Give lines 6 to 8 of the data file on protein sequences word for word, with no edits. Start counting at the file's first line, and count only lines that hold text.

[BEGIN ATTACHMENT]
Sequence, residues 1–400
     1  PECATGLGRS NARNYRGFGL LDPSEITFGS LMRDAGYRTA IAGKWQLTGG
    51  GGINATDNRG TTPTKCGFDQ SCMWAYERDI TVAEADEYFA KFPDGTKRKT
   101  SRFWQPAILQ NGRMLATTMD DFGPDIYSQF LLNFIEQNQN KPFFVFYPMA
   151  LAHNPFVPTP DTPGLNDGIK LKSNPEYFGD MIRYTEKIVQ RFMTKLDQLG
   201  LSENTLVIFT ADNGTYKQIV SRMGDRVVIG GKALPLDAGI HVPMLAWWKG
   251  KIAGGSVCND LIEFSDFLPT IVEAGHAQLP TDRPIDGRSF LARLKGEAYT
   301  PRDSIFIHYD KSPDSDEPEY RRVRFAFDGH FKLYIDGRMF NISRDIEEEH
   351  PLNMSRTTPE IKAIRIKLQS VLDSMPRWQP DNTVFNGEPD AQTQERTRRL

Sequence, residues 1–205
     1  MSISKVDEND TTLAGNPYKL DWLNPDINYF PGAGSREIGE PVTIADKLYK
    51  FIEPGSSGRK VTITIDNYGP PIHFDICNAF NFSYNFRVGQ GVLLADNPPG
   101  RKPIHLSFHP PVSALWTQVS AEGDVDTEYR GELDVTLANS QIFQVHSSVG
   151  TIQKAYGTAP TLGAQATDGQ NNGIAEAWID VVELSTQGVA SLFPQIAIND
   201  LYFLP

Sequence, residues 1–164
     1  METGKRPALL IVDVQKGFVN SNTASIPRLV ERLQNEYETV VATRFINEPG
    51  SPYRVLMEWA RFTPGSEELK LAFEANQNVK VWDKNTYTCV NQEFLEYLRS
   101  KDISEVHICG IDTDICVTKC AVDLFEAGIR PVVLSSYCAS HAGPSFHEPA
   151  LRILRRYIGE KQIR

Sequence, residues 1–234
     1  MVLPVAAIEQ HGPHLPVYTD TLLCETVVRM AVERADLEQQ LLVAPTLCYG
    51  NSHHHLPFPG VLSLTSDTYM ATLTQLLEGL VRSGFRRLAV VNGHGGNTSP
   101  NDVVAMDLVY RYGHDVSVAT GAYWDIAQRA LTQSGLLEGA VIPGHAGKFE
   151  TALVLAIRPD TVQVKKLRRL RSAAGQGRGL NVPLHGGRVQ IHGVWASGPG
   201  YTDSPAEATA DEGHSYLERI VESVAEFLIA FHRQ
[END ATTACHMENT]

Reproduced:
   201  LSENTLVIFT ADNGTYKQIV SRMGDRVVIG GKALPLDAGI HVPMLAWWKG
   251  KIAGGSVCND LIEFSDFLPT IVEAGHAQLP TDRPIDGRSF LARLKGEAYT
   301  PRDSIFIHYD KSPDSDEPEY RRVRFAFDGH FKLYIDGRMF NISRDIEEEH